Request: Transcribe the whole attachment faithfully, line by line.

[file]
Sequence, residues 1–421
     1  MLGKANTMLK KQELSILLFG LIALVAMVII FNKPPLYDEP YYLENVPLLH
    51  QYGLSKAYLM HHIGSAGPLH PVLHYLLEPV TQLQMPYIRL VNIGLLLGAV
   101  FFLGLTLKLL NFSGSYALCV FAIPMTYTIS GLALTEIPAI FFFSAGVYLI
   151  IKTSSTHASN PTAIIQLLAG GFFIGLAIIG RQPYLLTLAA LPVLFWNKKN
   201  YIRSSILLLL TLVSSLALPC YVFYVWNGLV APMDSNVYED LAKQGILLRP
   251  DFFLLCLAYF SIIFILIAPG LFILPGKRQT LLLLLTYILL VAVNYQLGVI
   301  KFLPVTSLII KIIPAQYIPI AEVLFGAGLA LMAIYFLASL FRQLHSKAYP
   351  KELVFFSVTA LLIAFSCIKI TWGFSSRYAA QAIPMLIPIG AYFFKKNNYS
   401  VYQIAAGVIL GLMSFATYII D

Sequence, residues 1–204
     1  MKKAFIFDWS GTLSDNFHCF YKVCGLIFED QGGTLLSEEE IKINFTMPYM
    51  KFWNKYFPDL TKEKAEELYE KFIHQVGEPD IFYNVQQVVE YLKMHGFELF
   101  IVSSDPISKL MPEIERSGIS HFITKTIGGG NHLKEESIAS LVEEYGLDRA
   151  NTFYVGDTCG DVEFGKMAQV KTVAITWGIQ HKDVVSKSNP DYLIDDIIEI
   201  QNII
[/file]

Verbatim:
Sequence, residues 1–421
     1  MLGKANTMLK KQELSILLFG LIALVAMVII FNKPPLYDEP YYLENVPLLH
    51  QYGLSKAYLM HHIGSAGPLH PVLHYLLEPV TQLQMPYIRL VNIGLLLGAV
   101  FFLGLTLKLL NFSGSYALCV FAIPMTYTIS GLALTEIPAI FFFSAGVYLI
   151  IKTSSTHASN PTAIIQLLAG GFFIGLAIIG RQPYLLTLAA LPVLFWNKKN
   201  YIRSSILLLL TLVSSLALPC YVFYVWNGLV APMDSNVYED LAKQGILLRP
   251  DFFLLCLAYF SIIFILIAPG LFILPGKRQT LLLLLTYILL VAVNYQLGVI
   301  KFLPVTSLII KIIPAQYIPI AEVLFGAGLA LMAIYFLASL FRQLHSKAYP
   351  KELVFFSVTA LLIAFSCIKI TWGFSSRYAA QAIPMLIPIG AYFFKKNNYS
   401  VYQIAAGVIL GLMSFATYII D

Sequence, residues 1–204
     1  MKKAFIFDWS GTLSDNFHCF YKVCGLIFED QGGTLLSEEE IKINFTMPYM
    51  KFWNKYFPDL TKEKAEELYE KFIHQVGEPD IFYNVQQVVE YLKMHGFELF
   101  IVSSDPISKL MPEIERSGIS HFITKTIGGG NHLKEESIAS LVEEYGLDRA
   151  NTFYVGDTCG DVEFGKMAQV KTVAITWGIQ HKDVVSKSNP DYLIDDIIEI
   201  QNII